Thursday, June 26, 2008

What Happens When You Quit Smoking?

Within 30 minutes of quit smoking, your pulse rate slows down and blood pressure drops toward normal.

Within hours of stopping, the level of carbon monoxide in your blood drops, enabling the blood to carry more oxygen.

Two days after quitting, nerve endings begin to recover and your sense of smell and taste begin to return.

Within 72 hours of quitting, your lungs’ bronchial tubes expand and lung volume increases.

Months after quitting, shortness of breath diminishes.

In the first year, the risk of heart attack attributed to smoking declines for both men and women.

Two to three years after quitting, the risk of heart attack attributed to smoking is virtually gone.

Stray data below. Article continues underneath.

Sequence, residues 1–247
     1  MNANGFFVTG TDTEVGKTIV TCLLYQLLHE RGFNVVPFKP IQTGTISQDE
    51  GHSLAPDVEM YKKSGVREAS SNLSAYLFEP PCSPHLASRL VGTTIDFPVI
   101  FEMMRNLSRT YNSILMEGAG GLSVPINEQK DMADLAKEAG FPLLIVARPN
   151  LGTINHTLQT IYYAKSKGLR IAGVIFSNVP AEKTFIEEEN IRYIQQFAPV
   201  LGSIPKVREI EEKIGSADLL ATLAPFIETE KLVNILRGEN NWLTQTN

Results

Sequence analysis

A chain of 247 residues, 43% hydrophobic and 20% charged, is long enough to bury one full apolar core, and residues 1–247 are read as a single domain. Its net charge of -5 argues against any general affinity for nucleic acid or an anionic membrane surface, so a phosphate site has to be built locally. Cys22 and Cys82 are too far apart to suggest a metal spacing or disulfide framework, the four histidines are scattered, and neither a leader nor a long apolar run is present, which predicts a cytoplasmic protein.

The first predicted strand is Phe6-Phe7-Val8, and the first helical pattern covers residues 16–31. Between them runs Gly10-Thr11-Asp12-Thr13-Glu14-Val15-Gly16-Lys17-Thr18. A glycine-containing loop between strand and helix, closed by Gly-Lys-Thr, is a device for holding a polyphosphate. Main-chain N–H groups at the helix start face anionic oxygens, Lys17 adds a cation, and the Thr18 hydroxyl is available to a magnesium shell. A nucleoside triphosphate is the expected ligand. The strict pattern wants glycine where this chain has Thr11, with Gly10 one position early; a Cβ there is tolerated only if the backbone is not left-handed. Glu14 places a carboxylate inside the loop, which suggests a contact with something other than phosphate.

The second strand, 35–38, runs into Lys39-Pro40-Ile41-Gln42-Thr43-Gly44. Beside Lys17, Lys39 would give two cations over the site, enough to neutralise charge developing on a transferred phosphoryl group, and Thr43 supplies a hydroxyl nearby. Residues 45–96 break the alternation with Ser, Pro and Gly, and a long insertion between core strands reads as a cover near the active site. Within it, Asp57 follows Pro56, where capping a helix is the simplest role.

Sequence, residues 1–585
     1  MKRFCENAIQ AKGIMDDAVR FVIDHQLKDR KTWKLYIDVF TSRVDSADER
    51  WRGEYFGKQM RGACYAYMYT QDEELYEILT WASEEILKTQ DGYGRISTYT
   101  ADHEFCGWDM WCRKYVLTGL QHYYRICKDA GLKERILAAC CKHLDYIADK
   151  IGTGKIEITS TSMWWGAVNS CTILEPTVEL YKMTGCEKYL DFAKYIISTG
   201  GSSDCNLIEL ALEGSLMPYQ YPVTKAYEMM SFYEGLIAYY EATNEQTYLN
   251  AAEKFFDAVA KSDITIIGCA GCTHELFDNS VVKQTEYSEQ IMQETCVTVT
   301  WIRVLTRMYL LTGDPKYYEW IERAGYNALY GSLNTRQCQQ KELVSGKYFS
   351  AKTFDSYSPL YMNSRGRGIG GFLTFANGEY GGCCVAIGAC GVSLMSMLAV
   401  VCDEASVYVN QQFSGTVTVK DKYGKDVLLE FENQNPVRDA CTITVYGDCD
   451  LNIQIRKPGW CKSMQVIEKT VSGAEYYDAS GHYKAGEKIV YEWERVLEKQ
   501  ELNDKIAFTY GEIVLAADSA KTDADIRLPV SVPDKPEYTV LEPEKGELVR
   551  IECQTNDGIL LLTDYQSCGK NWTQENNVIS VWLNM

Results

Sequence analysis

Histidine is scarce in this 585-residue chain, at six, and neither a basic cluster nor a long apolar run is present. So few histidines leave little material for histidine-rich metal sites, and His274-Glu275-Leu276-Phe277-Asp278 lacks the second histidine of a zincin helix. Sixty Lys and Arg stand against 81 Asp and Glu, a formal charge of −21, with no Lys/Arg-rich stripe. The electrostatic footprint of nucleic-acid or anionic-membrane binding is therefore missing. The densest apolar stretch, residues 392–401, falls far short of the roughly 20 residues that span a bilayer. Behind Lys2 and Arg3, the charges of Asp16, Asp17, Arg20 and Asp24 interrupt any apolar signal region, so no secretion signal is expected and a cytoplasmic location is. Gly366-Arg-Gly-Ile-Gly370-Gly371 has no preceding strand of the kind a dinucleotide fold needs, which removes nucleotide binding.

After 10 years, the risk of developing cancer is about the same as for nonsmokers.

1 comment:

Smoking Swami said...

Nicotine dependence is a chronic relapsing disorder for which the only known cure is a lifetime of abstinence.

Like so many, you're confusing quitting with staying quit, and they're quite different. The only known cure for habitual cigarette smoking is contained in the previous paragraph.